Disaster Philippines

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NEARLY 2,500 people — 2,360 to be exact — died in 2012 in natural disasters in the Philippines, says the non-governmental Citizens Disaster Response Center (CDRC), putting it ahead of all other countries in the world including China, which was second with 771 deaths.

But because “only” 12 million Filipinos were affected last year by typhoons, landslides, flooding and those other rainy-season disasters Filipino flesh is heir to, while some 43 million were affected in China, the Philippines was only second to that country as far as how many people were displaced, lost their belongings, had their homes damaged, and/or suffered various economic losses because of crops destroyed or jobs lost, among others.

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The day after

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THE AFTERMATH of disasters in the Philippines is in many ways a media event beyond the disaster itself. But not only is the day after a disaster reported without context; it is also an occasion to celebrate Filipinos’ view of themselves as possessing, among other virtues, those of civic-mindedness and selflessness.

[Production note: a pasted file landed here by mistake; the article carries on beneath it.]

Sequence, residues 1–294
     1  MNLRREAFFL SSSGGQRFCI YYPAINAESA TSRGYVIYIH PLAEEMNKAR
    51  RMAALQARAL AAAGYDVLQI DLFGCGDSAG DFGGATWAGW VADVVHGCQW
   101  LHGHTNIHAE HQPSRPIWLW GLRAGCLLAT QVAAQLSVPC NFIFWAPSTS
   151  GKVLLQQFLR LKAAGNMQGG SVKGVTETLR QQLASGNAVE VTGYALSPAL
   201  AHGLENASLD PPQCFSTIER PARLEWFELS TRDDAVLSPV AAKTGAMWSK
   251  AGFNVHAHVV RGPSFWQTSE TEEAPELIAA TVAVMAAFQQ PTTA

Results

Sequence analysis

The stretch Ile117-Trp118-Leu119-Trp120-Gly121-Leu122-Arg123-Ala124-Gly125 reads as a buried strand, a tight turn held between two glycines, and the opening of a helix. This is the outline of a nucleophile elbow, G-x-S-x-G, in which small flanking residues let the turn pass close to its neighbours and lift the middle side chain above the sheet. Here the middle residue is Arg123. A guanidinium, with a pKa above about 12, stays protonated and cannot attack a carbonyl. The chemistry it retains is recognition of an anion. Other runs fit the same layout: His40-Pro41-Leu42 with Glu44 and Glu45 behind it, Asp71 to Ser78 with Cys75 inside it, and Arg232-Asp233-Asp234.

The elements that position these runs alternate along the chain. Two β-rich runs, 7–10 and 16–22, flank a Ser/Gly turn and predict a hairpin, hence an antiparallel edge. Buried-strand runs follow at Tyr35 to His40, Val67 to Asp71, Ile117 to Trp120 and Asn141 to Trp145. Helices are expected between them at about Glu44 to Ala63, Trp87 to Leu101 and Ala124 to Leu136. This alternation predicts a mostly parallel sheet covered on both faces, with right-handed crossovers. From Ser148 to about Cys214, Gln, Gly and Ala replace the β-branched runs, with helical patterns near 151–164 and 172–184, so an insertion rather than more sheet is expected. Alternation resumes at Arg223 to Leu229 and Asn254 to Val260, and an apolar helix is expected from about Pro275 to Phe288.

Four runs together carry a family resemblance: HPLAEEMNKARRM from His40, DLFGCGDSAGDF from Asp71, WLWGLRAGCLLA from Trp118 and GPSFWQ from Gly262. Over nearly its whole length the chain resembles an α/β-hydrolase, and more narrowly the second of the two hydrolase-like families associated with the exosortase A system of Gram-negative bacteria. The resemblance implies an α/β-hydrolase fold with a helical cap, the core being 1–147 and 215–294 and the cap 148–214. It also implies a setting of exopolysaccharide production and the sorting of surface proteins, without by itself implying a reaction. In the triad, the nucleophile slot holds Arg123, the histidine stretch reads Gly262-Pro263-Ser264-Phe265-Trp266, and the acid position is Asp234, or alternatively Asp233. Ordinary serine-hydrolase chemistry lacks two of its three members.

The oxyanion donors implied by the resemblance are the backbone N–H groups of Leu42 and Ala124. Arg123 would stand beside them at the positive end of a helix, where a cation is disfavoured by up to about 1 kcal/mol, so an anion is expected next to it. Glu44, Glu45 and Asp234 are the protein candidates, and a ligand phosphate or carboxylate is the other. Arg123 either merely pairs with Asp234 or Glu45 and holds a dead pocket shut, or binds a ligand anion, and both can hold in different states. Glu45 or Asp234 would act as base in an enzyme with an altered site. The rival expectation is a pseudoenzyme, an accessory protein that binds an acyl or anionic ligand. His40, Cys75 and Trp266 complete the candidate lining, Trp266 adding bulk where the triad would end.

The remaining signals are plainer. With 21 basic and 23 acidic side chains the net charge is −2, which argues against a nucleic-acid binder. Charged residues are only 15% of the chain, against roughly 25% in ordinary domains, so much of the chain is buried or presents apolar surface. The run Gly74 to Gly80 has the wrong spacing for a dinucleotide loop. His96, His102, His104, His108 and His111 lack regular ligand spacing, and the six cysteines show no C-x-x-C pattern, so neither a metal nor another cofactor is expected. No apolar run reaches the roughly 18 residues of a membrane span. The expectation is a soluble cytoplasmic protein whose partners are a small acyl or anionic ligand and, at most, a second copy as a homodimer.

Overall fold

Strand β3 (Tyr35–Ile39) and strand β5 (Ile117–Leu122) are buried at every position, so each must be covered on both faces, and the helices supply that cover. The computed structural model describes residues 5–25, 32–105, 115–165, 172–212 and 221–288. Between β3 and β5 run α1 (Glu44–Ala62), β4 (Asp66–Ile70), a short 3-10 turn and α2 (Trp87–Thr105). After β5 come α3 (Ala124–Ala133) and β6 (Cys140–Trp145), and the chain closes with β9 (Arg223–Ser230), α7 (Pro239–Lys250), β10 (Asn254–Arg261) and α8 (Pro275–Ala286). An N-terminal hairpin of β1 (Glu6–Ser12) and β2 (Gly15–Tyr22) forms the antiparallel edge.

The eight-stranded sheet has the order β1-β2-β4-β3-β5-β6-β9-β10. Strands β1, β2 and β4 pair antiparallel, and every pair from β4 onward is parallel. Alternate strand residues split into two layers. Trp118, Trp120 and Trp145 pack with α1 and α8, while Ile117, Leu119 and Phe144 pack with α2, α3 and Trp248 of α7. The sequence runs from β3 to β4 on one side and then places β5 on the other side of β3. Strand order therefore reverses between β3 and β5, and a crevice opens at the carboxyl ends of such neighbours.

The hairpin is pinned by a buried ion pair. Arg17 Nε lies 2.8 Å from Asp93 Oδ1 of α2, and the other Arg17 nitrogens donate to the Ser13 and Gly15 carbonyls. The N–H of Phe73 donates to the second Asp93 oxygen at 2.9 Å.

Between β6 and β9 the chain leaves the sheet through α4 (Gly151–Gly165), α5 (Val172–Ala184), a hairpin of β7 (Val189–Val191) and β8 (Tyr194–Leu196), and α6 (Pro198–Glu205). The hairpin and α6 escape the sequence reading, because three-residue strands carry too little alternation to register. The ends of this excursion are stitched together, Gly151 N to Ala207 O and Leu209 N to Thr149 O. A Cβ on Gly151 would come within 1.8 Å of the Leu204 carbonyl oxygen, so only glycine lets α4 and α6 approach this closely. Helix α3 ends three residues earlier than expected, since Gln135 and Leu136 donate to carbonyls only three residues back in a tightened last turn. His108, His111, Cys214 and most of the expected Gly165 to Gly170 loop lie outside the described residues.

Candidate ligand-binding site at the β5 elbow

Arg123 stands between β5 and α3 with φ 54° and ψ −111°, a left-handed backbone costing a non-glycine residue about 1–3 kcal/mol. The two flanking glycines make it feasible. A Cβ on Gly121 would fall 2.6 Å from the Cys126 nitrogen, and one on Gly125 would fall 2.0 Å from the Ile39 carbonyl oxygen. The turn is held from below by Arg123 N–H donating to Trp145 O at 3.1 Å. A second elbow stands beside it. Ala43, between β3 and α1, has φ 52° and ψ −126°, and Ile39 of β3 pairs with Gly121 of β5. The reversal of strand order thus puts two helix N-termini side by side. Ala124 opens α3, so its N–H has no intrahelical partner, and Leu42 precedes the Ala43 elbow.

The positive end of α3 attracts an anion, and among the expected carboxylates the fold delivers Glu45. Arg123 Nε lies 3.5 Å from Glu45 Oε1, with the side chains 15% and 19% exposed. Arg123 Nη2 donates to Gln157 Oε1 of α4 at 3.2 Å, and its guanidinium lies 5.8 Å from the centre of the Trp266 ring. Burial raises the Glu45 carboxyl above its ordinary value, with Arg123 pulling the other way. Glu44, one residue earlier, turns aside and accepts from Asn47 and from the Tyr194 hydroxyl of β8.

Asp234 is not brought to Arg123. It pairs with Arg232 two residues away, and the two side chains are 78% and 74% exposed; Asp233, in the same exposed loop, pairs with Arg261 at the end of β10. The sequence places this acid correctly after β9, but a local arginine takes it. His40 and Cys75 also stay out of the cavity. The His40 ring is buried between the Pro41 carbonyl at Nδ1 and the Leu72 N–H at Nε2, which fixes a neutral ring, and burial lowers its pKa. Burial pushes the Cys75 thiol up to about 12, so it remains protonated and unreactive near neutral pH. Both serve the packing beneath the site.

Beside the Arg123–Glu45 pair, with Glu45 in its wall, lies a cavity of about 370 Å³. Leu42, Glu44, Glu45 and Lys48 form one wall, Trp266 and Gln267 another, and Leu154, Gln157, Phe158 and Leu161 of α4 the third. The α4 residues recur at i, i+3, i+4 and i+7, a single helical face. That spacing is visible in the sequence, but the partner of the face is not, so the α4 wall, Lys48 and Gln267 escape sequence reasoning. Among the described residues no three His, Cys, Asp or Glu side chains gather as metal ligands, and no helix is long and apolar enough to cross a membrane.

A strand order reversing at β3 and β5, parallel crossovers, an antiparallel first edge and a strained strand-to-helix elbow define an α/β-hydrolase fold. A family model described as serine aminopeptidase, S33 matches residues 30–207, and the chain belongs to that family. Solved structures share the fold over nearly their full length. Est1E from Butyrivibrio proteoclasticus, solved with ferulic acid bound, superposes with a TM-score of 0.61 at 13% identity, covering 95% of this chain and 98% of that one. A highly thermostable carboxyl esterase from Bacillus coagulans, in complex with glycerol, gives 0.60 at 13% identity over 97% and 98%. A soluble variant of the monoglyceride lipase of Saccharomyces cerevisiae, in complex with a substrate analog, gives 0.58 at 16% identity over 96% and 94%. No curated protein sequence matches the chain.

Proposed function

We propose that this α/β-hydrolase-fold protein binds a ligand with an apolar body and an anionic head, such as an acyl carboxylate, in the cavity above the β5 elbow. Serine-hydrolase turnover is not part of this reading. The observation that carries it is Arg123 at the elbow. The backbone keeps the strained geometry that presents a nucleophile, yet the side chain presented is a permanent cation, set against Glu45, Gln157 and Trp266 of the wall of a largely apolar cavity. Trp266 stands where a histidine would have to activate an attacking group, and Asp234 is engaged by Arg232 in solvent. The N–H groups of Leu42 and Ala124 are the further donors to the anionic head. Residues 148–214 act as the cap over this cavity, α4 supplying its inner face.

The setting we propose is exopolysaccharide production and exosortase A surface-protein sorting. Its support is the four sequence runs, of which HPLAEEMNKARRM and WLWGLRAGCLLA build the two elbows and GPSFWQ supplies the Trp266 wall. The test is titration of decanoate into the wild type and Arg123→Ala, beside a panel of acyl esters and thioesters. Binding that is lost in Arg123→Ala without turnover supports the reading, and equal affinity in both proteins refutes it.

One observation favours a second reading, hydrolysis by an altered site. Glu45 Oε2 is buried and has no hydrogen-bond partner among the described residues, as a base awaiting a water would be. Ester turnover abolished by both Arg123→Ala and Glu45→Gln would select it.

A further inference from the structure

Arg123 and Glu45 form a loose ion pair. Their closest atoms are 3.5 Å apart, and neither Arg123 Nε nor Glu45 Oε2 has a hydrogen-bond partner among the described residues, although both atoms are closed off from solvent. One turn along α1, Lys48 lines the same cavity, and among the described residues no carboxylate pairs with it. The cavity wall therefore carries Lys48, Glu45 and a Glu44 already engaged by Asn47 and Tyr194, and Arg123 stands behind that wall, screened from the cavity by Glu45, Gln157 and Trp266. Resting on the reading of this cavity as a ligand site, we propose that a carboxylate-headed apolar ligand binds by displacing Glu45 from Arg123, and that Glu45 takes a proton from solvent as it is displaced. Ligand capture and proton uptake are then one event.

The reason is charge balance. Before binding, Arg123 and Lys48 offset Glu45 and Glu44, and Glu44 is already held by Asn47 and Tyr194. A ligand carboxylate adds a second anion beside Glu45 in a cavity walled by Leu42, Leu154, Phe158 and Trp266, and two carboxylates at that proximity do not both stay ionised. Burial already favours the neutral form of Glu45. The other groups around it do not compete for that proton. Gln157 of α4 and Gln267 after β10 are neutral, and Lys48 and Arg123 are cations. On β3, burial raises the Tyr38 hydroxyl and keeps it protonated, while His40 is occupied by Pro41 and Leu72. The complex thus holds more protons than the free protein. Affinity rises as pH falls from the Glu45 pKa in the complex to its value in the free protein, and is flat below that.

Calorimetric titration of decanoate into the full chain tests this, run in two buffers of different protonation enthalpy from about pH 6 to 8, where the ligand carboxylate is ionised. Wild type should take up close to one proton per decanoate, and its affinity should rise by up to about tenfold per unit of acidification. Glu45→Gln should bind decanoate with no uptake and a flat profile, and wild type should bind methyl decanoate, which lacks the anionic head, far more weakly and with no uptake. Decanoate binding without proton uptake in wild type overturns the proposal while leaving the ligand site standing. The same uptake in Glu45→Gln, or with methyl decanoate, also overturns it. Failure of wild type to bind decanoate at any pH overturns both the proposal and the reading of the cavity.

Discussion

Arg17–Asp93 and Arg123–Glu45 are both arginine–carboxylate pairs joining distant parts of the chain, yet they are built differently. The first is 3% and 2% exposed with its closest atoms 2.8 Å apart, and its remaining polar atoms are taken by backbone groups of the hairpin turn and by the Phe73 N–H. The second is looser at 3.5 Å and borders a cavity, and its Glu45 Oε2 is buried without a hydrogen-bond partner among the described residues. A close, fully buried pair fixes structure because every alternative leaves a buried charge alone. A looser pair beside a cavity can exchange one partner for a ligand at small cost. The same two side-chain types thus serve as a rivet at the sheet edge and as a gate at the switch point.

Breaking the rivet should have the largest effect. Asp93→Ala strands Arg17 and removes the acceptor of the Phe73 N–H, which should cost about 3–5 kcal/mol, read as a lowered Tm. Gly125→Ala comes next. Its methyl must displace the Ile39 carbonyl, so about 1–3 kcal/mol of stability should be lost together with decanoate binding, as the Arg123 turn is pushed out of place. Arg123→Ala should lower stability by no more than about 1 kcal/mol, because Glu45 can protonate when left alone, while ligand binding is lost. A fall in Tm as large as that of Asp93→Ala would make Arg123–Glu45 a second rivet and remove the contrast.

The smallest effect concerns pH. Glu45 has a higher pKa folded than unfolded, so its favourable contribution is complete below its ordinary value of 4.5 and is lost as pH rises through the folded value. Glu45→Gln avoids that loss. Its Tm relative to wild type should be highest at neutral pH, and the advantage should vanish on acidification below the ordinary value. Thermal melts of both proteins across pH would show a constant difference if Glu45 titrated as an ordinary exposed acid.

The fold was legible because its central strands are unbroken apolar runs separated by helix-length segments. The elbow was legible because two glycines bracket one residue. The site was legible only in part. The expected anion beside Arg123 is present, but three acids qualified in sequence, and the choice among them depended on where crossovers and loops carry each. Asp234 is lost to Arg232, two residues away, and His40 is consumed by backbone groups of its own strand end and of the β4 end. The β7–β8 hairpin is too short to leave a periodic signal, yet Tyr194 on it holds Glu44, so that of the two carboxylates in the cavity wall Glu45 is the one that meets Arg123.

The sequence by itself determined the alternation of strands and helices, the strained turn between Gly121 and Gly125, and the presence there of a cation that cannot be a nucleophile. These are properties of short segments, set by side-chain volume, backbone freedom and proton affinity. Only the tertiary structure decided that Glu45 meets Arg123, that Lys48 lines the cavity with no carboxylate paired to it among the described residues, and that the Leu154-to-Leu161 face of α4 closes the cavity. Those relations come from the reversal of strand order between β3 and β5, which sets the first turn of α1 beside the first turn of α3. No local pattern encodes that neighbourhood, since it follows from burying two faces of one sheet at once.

Neither the media, officialdom nor ordinary citizens have tired of declaring, in the aftermath of any disaster, that adversity brings out the best in the Filipino. It’s one of the most enduring clichés in these isles of typhoons, landslides, earthquakes and floods of near-Biblical proportions.

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Ring in the old

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IF the Aquino III administration ignored warnings from the environmental and science communities long before “Sendong” that a disaster was coming in Mindanao, it wouldn’t be any more unique than past administrations.

From 1992 to 2001 some 6,000,000 Filipinos were killed or injured by various disasters, whether natural or man-made, making it, says the International Committee of the Red Cross, the fourth most disaster and accident-prone country in the world after China, India and Iran.

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Disaster zone

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It’s a convenient excuse government big shots trot out during disasters to placate those who can’t understand why they’re getting no relief from hunger, thirst and cold, whose very lives are under threat during earthquakes, fires, mudslides and floods, or who have actually seen their children, parents and other kin drown in flood waters or burn in a house on fire. Mostly these bosses blame God, declaring that against natural disasters mere human beings contend in vain.

The September 27-28 floods and the misery they once more subjected Filipinos was one more occasion for the same excuse. This time, however, the by now predictable defense was accompanied by the argument, a tad more sophisticated, that global warming is to blame and not the government officials in this part of the planet.

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